After several weeks of ideation and frustration, I have recently found greater clarity regarding my REDI Lab project. Starting from the beginning of the trimester I had a clear understanding of why my project needed to be done. Why do I need to do a particular thing, not what I would do or how I would do it. My “why” involved the age-old questions: What is the truth and how can people seek out what is true?
Starting from the the very relevant issue of fake news, I looked for ways that I could contribute
to improving people’s access to the truth. I considered the prospect of creating a deep learning algorithm that could assess the credibility of a news article (this has already been done). I then looked towards completely redefining the ways in which people interact with the news. Not yet completely satisfied with what I was doing, I considered more opinions like updating ancient religious texts to make their teachings more accessible to the modern world.
Throughout this process I landed upon what my project needed to achieve. I discovered that a common theme throughout these various ideas involved having people seek out the truth for themselves. As a result, I defined what I needed to do as creating a framework that would help people become better critical and aware thinkers in order to help them find the truth for themselves.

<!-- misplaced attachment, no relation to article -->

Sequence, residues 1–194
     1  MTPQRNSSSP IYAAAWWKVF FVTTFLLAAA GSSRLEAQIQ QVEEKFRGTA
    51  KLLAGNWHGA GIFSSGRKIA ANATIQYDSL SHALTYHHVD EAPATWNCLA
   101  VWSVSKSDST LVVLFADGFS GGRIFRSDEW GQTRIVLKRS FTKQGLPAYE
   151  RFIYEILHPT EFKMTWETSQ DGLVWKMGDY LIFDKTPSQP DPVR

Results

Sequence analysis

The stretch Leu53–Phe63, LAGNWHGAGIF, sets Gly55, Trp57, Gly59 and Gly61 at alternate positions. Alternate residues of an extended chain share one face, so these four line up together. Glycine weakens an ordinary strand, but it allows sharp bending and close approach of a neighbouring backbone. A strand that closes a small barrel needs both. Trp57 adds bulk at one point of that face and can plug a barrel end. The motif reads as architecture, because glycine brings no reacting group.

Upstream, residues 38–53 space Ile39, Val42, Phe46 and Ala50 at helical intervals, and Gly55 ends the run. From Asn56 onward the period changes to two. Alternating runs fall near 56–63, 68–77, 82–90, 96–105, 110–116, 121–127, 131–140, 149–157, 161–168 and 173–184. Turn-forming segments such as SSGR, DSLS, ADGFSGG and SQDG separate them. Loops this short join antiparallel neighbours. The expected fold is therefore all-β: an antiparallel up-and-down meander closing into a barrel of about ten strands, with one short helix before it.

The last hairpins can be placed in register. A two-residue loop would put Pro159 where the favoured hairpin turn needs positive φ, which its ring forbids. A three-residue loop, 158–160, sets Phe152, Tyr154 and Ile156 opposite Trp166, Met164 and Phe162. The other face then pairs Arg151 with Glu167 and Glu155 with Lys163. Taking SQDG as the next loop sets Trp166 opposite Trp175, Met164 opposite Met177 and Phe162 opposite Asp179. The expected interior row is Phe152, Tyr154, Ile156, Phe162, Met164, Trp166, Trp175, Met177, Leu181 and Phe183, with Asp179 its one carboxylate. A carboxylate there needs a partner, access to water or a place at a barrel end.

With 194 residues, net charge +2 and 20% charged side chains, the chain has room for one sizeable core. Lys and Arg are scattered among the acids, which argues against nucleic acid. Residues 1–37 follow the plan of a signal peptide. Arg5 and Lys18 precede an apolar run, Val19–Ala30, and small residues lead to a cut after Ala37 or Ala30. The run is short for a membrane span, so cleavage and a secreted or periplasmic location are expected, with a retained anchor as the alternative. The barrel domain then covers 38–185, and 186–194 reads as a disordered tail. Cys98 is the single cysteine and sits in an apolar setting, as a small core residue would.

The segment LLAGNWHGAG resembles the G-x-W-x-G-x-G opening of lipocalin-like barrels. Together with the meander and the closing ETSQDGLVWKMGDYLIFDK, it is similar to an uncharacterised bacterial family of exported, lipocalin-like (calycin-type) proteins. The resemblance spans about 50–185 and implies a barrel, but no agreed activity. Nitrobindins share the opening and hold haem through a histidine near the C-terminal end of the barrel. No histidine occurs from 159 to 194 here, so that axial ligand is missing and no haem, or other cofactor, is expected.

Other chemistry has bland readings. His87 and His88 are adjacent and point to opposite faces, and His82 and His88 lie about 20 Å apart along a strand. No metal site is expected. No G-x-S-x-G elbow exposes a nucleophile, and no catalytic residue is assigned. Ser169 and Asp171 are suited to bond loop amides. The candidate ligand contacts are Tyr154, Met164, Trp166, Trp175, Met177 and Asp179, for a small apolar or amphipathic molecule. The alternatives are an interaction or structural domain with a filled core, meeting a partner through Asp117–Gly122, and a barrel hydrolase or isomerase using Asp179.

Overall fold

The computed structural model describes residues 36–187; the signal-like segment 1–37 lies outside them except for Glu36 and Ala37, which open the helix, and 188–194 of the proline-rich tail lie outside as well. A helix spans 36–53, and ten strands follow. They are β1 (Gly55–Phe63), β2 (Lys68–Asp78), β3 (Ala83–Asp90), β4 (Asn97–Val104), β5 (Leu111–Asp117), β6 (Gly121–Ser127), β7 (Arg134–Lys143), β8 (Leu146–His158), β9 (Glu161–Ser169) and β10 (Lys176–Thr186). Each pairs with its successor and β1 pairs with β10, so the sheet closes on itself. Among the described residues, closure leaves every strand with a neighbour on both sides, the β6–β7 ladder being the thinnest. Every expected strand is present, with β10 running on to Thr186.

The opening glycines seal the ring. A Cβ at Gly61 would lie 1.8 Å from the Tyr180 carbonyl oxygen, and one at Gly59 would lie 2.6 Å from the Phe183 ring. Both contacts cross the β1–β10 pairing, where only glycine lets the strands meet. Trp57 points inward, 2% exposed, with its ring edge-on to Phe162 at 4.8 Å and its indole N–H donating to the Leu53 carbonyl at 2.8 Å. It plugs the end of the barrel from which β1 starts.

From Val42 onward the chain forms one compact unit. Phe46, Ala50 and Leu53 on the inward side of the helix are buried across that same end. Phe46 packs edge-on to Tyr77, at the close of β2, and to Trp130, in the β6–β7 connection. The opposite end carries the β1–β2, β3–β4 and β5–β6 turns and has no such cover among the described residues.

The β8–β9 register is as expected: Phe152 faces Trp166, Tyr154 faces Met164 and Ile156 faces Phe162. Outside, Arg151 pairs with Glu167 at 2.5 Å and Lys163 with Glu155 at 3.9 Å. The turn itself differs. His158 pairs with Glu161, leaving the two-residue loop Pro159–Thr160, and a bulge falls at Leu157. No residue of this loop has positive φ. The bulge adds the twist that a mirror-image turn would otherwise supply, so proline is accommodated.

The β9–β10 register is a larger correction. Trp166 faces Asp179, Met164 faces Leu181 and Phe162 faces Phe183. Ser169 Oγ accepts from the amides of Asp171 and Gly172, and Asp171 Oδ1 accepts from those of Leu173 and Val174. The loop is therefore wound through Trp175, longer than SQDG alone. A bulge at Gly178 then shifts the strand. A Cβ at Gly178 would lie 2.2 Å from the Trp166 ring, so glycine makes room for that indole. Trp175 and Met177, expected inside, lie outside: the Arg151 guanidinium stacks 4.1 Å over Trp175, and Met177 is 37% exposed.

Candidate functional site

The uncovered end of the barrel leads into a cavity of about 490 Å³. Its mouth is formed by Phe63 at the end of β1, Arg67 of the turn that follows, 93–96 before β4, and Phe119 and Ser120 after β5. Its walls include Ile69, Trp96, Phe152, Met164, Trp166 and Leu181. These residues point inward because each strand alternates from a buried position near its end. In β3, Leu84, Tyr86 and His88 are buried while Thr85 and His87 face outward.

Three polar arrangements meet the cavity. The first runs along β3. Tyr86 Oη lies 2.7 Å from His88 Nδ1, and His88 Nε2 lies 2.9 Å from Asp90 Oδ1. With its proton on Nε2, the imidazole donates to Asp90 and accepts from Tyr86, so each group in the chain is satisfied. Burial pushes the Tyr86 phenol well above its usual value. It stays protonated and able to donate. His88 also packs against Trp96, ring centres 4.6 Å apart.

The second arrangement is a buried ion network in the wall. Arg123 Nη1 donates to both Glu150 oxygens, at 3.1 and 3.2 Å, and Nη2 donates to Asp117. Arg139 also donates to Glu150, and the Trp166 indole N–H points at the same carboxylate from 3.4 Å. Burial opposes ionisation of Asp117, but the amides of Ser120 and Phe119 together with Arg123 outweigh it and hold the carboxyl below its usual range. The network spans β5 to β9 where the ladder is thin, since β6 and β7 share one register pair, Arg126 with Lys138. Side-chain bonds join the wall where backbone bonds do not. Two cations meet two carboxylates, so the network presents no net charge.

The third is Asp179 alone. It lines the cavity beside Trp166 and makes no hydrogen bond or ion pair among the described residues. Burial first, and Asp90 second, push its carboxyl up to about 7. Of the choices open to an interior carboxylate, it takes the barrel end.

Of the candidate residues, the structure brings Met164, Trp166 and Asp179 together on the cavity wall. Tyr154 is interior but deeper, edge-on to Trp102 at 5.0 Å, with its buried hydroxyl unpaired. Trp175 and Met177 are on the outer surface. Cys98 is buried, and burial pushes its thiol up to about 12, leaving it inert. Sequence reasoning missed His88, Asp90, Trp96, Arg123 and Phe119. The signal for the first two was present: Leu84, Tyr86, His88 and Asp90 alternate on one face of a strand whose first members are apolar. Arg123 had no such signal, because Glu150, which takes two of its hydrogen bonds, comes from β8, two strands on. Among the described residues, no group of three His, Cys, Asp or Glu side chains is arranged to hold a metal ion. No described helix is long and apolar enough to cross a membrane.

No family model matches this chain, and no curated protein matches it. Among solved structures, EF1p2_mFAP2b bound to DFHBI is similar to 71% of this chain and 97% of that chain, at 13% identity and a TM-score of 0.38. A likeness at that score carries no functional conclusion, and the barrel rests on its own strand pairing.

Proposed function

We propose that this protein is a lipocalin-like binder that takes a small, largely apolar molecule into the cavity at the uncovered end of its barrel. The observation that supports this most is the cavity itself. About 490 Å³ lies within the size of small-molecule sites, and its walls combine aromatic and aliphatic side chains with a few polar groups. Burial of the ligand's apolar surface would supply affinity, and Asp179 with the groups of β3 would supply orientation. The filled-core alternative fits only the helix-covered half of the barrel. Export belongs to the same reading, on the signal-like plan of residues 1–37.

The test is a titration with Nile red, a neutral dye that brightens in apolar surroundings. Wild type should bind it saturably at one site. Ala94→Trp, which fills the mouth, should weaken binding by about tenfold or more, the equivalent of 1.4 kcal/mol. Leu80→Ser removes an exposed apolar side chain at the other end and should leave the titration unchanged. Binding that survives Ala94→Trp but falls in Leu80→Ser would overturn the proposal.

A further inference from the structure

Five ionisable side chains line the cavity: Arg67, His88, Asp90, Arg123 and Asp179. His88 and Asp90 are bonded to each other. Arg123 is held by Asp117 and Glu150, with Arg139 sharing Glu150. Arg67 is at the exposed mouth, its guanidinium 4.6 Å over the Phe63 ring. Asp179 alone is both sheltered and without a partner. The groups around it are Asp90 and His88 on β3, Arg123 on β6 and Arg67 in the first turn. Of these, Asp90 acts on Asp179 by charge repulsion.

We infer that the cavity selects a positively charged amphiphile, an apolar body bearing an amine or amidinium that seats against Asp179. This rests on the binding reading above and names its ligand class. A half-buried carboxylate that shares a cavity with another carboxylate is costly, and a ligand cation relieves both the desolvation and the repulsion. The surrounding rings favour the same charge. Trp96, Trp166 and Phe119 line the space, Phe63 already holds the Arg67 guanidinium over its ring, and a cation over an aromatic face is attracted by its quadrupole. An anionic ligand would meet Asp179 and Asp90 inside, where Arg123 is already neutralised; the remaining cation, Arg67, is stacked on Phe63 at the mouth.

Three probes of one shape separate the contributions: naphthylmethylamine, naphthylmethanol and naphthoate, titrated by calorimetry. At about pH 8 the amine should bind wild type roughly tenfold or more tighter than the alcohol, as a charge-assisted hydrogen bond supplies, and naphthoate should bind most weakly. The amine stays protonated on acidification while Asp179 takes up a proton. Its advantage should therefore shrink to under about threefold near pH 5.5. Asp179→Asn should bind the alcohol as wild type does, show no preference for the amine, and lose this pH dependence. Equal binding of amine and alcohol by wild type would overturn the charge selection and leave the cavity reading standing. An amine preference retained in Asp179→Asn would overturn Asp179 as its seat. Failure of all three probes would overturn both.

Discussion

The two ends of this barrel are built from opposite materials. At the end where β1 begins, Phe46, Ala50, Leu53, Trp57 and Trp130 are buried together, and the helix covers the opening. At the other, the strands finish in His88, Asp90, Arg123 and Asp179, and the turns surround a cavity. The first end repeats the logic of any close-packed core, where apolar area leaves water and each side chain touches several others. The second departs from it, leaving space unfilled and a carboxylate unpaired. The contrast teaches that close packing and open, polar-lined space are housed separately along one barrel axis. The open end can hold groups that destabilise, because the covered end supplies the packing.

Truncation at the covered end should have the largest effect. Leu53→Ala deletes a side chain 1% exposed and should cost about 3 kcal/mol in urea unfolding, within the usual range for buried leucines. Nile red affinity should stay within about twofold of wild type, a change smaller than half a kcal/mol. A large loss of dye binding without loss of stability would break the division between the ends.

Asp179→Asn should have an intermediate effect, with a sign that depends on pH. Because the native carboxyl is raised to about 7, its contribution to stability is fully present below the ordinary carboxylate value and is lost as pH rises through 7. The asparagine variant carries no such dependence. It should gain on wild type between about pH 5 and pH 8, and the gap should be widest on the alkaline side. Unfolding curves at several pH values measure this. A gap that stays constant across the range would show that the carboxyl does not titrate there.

I am currently exploring using puzzles and critical thinking tasks, in book or application format, to help people develop the intangible thinking skills necessary to decipher the truth for themselves. After preliminary research, I found many resources that simply listed or preached skills necessary to become a critical thinker. I recently read a New Yorker article that touched upon Gilbert Ryle’s distinction of two kinds of knowledge. The British philosopher claimed that there was “knowing that” (knowing facts) and “knowing how” (knowing skills). The articles that I found were great example of “knowing that” — an excessive collection of ideas that told the reader what to do.
With my project I hope to fill the void of resources that help people “know how” to be critical thinkers, something that cannot be learned through reading self-help articles. I believe that the experiential process of problem solving through puzzle and critical thinking tasks will guide others to truly know how to view the world from a critical, multidimensional lens. I am looking forward to doing more research and nailing down the details of my project. If the next few weeks are anything like the last, it is quite possible that this current line of work and thinking could lead me to unexpected insights and improvements!